gulf a cow, and immediately shut, crush
ing the cow, except tho tail, w hich curi
ously cuough sticks out a monument f
her sad end.
"John," said a minister to his man,
" you should becomo a teetotaller you
havo been drinking again to-day."
" Do you never tako a drop yourself?"
" Ah f but John, you must look at your
circumstances and not mine."
" Very true, sir," 6aid John ; " but can
you tell mo how tho streets of Jerusalem
wcro kept so clean ?"
"No, John, I cannot tell you that."
" Well, sir, it was just becauso every
ono kept his own door clean."
A few days sinco a Federal officer no
ted for his suavity as well as bravery, was
strolling down a sidewalk iu Memphis,
when ho met a couple of scccsh ladios who
with every symptom of disgust immedi
ately placed their handkerchiefs to their
delicate noses, as though thoy smelt some
thing terrible odious to rchncd olfacto
ries. He at onco stopped, lifted his hat
with one hand, placing tho other over his
" weskit" remarked blandly as he bowed
politely: "Ladies, you may think so,
but I assure you upon my word of hon
or, it wasn't me."
The London Exhibition Awards to
Tho communication of our London cor
respondent, Mr. Holmes, on another page,
contains a very full aud iuterosling nc
count of the awards of first and second
class prizes lo American exhibitors at tho
World's Fair. We feel highly gratified
with the"succoss which has attended tho
efforts of our inventors. In proportion
to their numbers their productions excel
led thoso of all other countries uudcr sim
ilar classes, and particularly so in mech
anism. It is au unquestionable fact that
iu labor-saving machinery moro progress
has been made in America, during tho
past quarter of a century, than in any
other country, and this has been folt and
acknowledged by British mechanics, and
to an unlooked-for extent by tho English
press. It is also gratifying to learn, as
stated by our correspondent, that a num
ber of our exhibitors havo boon success
ful in a pecuniary 6enso in disposing of
their patented inventions to good advau
tago. They havo thus opened up new
avenues of trado in Europe lo other
Amorican inventors who may profit by
Tho Superintendent of Machinery, D.
K. Clark, C. E., an inventor and author
of tho well-known work "Clark's Rail
way Machinery," paid tho Amorican ex
hibitors extraordinary attention. It ap
pears to us that tho troubles of our coun
try led tho authorities connected with tho
Exhibition lo treat our exhibitors with
moro favor than thoy would havo done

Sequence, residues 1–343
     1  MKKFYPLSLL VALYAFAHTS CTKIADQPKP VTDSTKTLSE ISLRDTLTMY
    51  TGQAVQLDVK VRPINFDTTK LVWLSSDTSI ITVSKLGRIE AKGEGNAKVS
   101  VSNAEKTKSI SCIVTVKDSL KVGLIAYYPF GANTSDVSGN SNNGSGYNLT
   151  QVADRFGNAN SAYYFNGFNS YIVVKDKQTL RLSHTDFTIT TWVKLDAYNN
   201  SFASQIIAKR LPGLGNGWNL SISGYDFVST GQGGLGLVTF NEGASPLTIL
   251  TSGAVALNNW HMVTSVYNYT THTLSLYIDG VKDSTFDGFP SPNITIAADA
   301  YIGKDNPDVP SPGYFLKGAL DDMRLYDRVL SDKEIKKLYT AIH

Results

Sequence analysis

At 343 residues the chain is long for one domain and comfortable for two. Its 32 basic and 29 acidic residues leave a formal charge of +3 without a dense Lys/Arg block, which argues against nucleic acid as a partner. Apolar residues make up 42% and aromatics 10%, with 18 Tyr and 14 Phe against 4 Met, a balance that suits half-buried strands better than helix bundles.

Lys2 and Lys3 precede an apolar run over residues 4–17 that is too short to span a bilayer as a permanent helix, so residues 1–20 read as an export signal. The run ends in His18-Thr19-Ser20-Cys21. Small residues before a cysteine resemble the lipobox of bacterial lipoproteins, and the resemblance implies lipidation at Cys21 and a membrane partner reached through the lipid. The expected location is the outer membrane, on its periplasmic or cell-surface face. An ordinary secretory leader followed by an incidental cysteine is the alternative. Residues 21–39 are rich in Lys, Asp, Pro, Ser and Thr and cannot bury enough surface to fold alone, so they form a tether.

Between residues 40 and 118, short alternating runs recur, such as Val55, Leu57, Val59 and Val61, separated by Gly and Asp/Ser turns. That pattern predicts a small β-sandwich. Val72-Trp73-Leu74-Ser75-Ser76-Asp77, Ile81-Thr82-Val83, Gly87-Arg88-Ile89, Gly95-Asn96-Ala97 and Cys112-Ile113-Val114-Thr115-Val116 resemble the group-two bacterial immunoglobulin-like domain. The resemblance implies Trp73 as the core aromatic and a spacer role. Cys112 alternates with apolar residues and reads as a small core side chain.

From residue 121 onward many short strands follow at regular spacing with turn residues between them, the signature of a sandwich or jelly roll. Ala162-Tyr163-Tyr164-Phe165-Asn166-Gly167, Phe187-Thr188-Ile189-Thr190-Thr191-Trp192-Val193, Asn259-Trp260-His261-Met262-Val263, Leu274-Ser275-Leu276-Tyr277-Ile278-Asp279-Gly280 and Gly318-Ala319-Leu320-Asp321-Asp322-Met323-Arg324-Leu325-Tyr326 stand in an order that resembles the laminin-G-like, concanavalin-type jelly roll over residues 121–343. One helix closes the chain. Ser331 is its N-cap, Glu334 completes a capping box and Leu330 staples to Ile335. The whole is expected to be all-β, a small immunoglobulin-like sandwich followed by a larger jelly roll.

under other circumstances, for it was dis
tinctly stated, at tho outset, that no
awards would bo mado lo any country
which refused to appoint a Commissioner.
This rule was waived in favor of Ameri
can exhibitors, and no distinction has been
mado between them and tho English
themselves. Undoubtedly this courtesy
and kindness wero duo chiefly lo tho ef
forts and influence of our correspondent,
Mr. Holm's, who has arduously devoted
his timo and energies to tho causo. Ho
stated lo tho Royal Commissioners that
tho American exhibitors who had forward
ed articles to tho World's Fair did so in
good faith that their Government would
appoint a Commissioner, and upon this
candid statement a department was allot
ted for their products, and every proper
consideration extended thorn, although no
Commissioner wasappoiutcd by our Gov
ernment. Thus, out of nincty-oight ac
tual exhibitors, uo less than eighty re
ceived awards; but out of thirty-two ex
hibitors of " machiuory iu general," no less
than twenty-eight secured prizes. Never
beforo havo so many laurels -been won in
any industrial contest by a proportional
number of candidates. It was perhaps
fortunato that tho majority of theso in
ventions had been illustrated and describ
ed in tho columns of the Scientific Amer
ican, and that a knowledgo of their mer
its had thus been previously disseminated
among European mechanics aud manufac
turers. It aflbrds us much plpasuro to stato
that tho British Commissioners and tho
Juries havo treated our exhibitors with
marked kindness. Scicntijic American,
A Singular Young Rebel Woman.
As wo wcro passing along tho street
two days ago, in our usual quiet way,
musing upon " tho storms of stato" and
pondering upon our solemn responsibility
iu this great crisis of tho n flairs of tho
nation and of mankind, a very pretty
young woman, whom wo had understood
lo bo a fiery littlo rebel and even a terri
blo villilior of tho Louisville Journal, was
about lo meet us, when, turning off from,
tho side-walk, sho protruded her red lips
at us boldly and defiantly. " O, certain
ly wo will if you want us to very bad,
though indeed this is rather too public a
place," said wo with our accustomed suav
ity, advancing toward her with our lips
correspondingly protruded, when, to our
no littlo diappointmcnt and surprise, sho
started and ran away from us as if wo
had been somo ugly old follow of forty.
Now if that coquettish young crcaturo
really presumed that we, occupying tho
position that wo do, could consent, for
tho sako of a kiss, to pursue her at full
6pecd through tho streets of a largo city
liko this, in broad day-light, sho was nev
er moro mistaken in her life. We as
keenly appreciate a kiss, that nectarcd
sweetness, that double-mouthed tapturo,
that scarlet ccstacy, that blazing contact
of mated hearts meeting upon tho lips,
that sudden bursting forth of two souls
into a singlo blossom, as any other enthu
siastic young man on earth, but, at tho
samo time, wo havo a pride, a dignity, a
sclf-rcspcct, and even a regard for tho
world's " conventionalities," that wo wo'd
not sacrifico for all tho kisses that ever
thrilled and bewitched tho sleeping visions
and waking dreams of youth and beauty
and loveliness and lovo.
Now wo tell that young rebel that sho
asks for a kiss in tho wrong way, that
sho asks for it at tho wrong placo aud timo,
and that sho does not seem to know how
to behavo after sho has asked it. We
havo no disposition lo say more, and even
our hih regard for almighty crinoline
could not iuduce us to say loss, Louis-